Wall Street Journal
Erwin Olaf Waits It Out
By Jessica Dawson,
Over the last 10 years, Dutch artist Erwin Olaf has produced a series of stylized images that read like the stage directions for a Samuel Beckett play. A veteran of editorial and commercial work for the likes of Bottega Veneta and Elle, Mr. Olaf’s art photography serves up states of excruciating limbo: Nobody comes, nobody goes.
To create them, the artist transforms the conventions of commercial photography, with its emphasis on even lighting, artful sets and flawless hair and makeup, into enigmatic visual essays starring glamorous and slightly louche figures of all ages. A survey exhibition of a decade’s worth of pictures and a new series titled “Waiting” opens Thursday at Chelsea’s Hasted Kraeutler.
“It’s a terrible emotion, between pain and being drugged,” Mr. Olaf, a chiseled 55-year-old, said of the in-between states he’s exploring. “When you go to the doctor, and you wait for a test result—Do I have this terrible disease or don’t I have this terrible disease? This emotion is so painful.”
By contrast, Mr. Olaf’s professional life has been decidedly upbeat; recent successes include winning a competition to design the Dutch euro coin that went into circulation last year and the release of his second photographic monograph by Aperture in November. Something of a gay icon in the Netherlands, Mr. Olaf has gone from outsider to celebrated insider.
Yet his obsession remains. Mr. Olaf’s exhibition marks the debut of an Ur-example of expectation: a 50-minute film charting the emotional progress of a young woman waiting for a date that never shows. As we witness her posture and expression turn from hope to dismay, Mr. Olaf hopes we will join her in a vicarious experience of frustration.
“It speaks to a level of patience that people don’t seem to have any more,” said Sarah Hasted, Mr. Olaf’s New York dealer, of the film’s conceit. “Maybe it’s due to social media and technology and hundreds of TV channels, but a lot of the time people just react. It’s very hard to capture that emotional state right before you react.”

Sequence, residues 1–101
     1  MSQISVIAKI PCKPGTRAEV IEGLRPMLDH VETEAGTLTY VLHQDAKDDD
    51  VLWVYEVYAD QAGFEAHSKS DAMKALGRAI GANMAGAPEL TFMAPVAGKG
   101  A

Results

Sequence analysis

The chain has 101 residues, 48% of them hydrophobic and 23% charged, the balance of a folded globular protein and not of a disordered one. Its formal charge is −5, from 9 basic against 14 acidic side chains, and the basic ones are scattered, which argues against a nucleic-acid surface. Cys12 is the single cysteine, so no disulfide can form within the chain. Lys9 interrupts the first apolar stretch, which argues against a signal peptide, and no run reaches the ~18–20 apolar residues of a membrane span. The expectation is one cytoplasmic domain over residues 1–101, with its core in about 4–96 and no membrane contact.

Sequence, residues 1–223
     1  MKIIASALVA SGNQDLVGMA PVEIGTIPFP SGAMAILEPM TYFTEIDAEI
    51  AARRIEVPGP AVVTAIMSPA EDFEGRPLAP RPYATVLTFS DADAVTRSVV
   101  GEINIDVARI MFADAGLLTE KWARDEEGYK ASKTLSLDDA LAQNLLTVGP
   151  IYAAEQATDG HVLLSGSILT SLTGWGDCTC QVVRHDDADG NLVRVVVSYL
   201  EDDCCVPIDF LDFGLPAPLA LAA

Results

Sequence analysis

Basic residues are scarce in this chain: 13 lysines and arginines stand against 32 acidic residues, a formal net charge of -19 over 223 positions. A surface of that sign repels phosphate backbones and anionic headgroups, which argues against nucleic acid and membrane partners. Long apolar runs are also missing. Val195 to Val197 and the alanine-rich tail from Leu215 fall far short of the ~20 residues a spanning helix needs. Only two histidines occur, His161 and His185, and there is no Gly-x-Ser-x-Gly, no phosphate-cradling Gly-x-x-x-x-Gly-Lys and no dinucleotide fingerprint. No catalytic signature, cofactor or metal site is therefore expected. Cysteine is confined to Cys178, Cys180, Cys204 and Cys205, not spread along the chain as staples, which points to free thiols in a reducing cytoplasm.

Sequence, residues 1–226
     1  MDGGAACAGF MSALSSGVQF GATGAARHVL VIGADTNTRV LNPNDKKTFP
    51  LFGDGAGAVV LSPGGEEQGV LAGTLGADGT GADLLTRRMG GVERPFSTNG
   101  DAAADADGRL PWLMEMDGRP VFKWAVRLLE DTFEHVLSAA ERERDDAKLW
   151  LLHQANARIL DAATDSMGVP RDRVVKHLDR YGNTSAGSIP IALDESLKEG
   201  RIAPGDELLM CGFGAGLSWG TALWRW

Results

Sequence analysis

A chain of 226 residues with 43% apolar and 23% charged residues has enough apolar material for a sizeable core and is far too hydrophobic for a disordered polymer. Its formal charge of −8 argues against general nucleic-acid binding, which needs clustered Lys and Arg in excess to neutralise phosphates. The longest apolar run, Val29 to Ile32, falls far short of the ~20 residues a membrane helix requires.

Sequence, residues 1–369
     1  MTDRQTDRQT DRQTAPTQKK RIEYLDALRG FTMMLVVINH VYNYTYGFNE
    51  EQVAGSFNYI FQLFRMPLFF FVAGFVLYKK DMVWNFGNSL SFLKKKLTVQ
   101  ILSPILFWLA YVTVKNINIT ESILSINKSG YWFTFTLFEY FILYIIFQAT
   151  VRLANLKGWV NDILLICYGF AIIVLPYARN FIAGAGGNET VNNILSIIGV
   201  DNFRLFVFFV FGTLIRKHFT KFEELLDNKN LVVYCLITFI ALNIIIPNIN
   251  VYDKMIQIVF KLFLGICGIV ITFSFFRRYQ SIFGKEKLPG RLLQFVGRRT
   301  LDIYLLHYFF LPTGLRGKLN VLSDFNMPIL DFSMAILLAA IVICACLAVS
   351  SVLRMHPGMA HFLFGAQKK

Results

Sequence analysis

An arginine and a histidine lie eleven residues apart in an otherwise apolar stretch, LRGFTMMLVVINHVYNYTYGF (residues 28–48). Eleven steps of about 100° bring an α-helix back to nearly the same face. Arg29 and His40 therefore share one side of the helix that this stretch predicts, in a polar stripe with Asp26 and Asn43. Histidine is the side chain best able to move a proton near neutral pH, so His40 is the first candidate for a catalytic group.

In addition to studio work, Mr. Olaf has recently explored location shoots in politically charged locales including the Berlin swimming pool where Hermann Göring was reputed to bathe. In Mr. Olaf’s pictures, a recurring clown figure evokes the decadence and disorder of the Weimar era that can be read as a mirror our own era of global uncertainty.
“That was a moment when Europe was on the precipice of really traumatic change,” said Lesley Martin, publisher of Aperture’s book program and the editor of Mr. Olaf’s recent monograph. “He sees this as another moment of transition where ideas of European unity and personal freedom now taken for granted could, with the flip of a few switches, go in a different direction.”
And so we wait for a date just as we wait for the world to change. And though Mr. Olaf would like to do more location shoots—he plans a trip to Detroit this year—he insists his stylized approach will continue.
“As long as I live, I will celebrate fantasy,” Mr. Olaf said. “I’m not so much interested in reality as it is. If I want to see it, I can look out the window.”
—“Waiting” runs through Feb. 28 at Hasted Kraeutler Art Gallery, 537 W. 24th St. between 10th and 11th avenues; 212-627-0006; www.hastedkraeutler.com.